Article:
Last Thursday morning, President Obama issued his latest proclamation in an attempt to save face on his farcical promise. Of course, the “relief” came far too late and with far too many restrictions to have any practical, real-world effect.
It’s become instinctive at this point to assume that every policy decision that comes from the Obama administration is a blatant violation of separation of powers. After all, this is the administration that unilaterally delayed enforcement of Obamacare’s employer mandate in direct violation of the statutory requirements. Many prominent commentators have immediately jumped back on this bandwagon again in this latest Obamacare edict.
But here’s the real legal low-down: President Obama and his executive agencies (HHS/DOL/IRS) have almost unlimited discretion in determining what is considered a “grandfathered health plan.”
In case you missed Meet the Press yesterday, House Minority Leader Nancy Pelosi (D-CA) was confronted by host David Gregory about a promise she made in 2009, similar to the guarantee made by President Barack Obama, that Americans could keep the plans they have under Obamacare.
Then-Speaker of the House, Pelosi said “if you like [the health plan] you have, and you want to keep, you have the choice to do that.” Gregory noted that President Obama has held himself “accountable” for making such a claim and asked Pelosi, who had a blank look on her face after seeing the clip, if she was accountable for a promise that has been proven false as millions of Americans have lost their health plans.
She had no real defense and pivoted to talking points, hoping that Gregory would allow her to deflect from the issue. He didn’t, and hilarity ensued.
“Well, it’s not that it’s not correct, it’s that if you want to keep it and it’s important for the insurance company to say to people, this is what your plan does, it’s doesn’t prevent you from being discriminated against on the basis of preexisting conditions, lifetime limits, annual limits,” Pelosi said before Gregory cut her off.
There is a bottom line which people understand and the President won’t acknowledge, and that is if the government has decided there has to be minimum requirements in any healthcare plan, so if you have something and you like it, and it doesn’t meet what the government says you have to have, you cannot keep it,” Gregory told Pelosi. “That’s not what you said here.”
“If you have you plan before the enactment of the law in 2010. If you had your plan before,” Pelosi said, defensively. “There is nothing in the law that says you have to.”
As much as President Barack Obama and administration officials don’t want to admit it, the Constitution established three branches of government, all of which have clear and defined roles and are independent of each other, but needed to keep the others in check.
Over the last several decades, the lines between the executive and legislative branches have become increasingly blurred. Presidents have consumed more power and Congress, especially when its controlled by the party occupying the White House, have set idly by while it happens.
But since 2011, when Republicans took control of Congress, President Obama has frequently used this claimed power to create law by executive fiat and, at times, ignore laws passed by the members of a duly elected, equal branch of government. It has created a constitutional crisis.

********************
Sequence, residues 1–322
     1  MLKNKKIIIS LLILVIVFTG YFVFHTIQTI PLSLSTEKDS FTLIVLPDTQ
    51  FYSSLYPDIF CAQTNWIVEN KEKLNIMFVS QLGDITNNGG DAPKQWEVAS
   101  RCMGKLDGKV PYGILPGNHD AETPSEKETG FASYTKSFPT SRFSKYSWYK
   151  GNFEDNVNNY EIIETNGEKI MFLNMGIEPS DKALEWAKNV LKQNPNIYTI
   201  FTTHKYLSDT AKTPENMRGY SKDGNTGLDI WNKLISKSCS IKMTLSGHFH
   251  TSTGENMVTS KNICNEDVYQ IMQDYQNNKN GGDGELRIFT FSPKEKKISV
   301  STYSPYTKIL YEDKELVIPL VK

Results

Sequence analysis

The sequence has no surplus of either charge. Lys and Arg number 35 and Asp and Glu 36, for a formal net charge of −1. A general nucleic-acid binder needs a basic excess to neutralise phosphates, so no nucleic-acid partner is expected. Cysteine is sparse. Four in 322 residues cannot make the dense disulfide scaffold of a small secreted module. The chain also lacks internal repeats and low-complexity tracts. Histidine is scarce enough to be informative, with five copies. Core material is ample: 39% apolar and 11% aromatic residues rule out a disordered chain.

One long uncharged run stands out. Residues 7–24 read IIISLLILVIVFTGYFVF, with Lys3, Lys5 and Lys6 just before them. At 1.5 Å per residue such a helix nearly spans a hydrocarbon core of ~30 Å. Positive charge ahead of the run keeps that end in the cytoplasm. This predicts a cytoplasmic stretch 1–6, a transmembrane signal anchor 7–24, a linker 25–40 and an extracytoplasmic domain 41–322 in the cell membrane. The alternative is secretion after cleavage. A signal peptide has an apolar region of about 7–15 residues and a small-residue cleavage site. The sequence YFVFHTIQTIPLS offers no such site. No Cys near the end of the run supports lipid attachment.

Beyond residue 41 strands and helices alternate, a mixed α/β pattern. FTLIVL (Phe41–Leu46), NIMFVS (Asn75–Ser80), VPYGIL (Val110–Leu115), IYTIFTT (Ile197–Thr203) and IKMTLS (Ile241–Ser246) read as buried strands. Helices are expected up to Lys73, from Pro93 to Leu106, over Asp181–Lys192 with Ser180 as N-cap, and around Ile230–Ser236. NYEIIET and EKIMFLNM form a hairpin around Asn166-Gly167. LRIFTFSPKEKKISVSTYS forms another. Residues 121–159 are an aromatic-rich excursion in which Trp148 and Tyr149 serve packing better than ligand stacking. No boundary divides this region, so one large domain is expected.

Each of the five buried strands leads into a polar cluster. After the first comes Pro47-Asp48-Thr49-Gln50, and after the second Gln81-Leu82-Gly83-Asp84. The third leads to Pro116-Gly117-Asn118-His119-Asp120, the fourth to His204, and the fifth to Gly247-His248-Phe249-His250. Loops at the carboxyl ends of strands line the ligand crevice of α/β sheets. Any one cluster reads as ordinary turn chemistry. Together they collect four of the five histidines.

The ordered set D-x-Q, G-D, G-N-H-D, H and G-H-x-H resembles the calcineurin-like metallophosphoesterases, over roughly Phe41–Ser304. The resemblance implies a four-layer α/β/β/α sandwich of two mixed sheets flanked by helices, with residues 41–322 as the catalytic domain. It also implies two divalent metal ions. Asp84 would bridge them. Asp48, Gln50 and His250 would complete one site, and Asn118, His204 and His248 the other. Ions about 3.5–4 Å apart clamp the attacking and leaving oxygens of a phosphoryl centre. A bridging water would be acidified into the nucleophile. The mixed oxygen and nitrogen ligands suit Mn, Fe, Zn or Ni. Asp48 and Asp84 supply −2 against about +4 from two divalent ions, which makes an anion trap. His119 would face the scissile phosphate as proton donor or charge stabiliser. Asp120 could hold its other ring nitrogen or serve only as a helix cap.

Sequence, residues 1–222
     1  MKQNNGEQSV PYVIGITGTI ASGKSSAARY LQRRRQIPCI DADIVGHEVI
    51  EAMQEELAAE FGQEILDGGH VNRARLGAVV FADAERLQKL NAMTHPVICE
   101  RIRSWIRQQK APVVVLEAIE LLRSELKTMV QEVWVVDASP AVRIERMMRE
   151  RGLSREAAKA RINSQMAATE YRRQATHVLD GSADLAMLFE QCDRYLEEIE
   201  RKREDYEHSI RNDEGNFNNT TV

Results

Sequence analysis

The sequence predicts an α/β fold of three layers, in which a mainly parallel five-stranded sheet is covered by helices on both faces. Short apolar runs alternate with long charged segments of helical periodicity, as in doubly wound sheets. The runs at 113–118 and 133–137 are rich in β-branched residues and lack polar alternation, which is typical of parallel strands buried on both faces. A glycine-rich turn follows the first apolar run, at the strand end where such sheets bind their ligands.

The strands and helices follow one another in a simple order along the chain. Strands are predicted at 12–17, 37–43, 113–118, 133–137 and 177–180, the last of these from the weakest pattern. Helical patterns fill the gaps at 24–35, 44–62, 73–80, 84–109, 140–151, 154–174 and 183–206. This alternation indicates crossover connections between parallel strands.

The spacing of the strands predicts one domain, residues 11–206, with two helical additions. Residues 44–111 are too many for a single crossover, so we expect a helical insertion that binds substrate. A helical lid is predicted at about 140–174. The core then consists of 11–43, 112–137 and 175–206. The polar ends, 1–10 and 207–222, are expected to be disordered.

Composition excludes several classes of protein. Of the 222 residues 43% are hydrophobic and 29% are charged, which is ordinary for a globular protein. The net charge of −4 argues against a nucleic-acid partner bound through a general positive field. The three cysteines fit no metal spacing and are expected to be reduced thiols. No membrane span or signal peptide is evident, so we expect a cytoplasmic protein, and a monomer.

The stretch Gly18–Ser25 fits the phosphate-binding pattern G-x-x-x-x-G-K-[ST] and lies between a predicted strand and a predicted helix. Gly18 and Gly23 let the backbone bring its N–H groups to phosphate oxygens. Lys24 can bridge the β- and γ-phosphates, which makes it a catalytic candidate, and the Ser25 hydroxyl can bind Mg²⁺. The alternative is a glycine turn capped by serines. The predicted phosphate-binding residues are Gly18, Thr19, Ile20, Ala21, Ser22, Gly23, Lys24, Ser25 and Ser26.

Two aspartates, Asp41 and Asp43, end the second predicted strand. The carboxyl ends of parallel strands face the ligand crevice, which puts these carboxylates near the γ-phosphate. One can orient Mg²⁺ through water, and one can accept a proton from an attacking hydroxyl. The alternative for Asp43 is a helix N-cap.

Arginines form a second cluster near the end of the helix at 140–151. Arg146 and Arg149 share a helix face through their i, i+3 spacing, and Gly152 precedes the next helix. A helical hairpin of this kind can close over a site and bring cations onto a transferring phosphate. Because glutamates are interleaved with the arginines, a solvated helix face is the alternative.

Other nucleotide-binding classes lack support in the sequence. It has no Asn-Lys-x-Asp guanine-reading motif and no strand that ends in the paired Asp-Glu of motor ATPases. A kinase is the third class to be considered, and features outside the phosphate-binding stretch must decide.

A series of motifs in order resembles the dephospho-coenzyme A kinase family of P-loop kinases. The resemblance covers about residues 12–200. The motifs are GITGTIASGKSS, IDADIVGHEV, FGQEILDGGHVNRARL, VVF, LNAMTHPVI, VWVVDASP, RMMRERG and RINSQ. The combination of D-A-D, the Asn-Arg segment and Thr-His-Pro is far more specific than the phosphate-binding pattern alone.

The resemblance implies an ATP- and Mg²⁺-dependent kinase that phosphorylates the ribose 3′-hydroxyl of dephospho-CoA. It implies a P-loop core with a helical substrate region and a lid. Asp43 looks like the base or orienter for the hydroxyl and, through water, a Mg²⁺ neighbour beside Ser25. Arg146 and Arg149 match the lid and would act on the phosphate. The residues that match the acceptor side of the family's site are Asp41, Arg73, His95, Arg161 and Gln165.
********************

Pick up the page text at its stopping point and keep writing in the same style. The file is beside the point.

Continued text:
The latest example of this is President Obama’s “administrative fix” to deal with millions of health plan cancellations caused by Obamacare. Without any constitutional authority to do so, Centers for Medicare and Medicaid Services announced, at his direction, that the government would not enforce grandfathered plan regulations for one year, leaving it up to insurers to decide whether or not to participate.
Not only did President Barack Obama tell Americans that they could keep their health plans under Obamacare, he also said on numerous occasions that they could keep their doctors. Like his health plan promise, there was no ambiguity or nuance to the statement.
“Under the reform that I’ve proposed, if you like your doctor, you’ll keep your doctor,” said President Obama on July 29, 2009. “If you like your health care plan, you will keep your plan.”
“If you like your plan, you can keep your plan. If you like your doctor, you can keep your doctor,” he said, again, on March 10, 2010. “I’m the father of two young girls –- I don’t want anybody interfering between my family and their doctor.”
Despite that promise by President Obama, many Americans are losing their doctors. The Wall Street Journal reported on Friday that UnitedHealth Group dropped thousands of doctors from its Medicare Advantage network, leaving many seniors without access to the doctors they liked and trusted:
Back in July, the Obama Administration delayed enforcement of Obamacare’s employer mandate for one year, citing concerns from the business community and reports of employers slashing hours in order to avoid the requirement to offer health benefits to workers.
But the delay of the provision hasn’t eased businesses concerns, according to a new poll by Public Opinion Strategies via The Christian Science Monitor, many are still taking steps to mitigate the impact of Obamacare (emphasis added):
Although the provision won’t be enforced until 2015, some employers with 40 to 500 workers have already started adjusting for the new landscape, the survey by Public Opinion Strategies found:
In a 261-257 vote, the House of Representatives passed the Keep Your Health Plan Act, which would allow insurers to extend the policies that had been canceled because they didn’t comply with the mandates and provisions of Obamacare.
The Keep Your Health Plan Act, sponsored by Rep. Fred Upton (R-MI), would permit insurers to let consumers keep health plans in effect before January 1, 2013 through 2014. It wouldn’t force insurers to offer the plans, but it would give these plans “grandfathered status,” meaning that they wouldn’t have to compliant with Obamacare’s minimum mandates.
“The president broke his word, had a chance to fix the problem, and only did more damage to his credibility,” said Speaker John Boehner (R-OH) after the passage of the measure. “Today, the House made a big, bipartisan statement about the need to make things right.”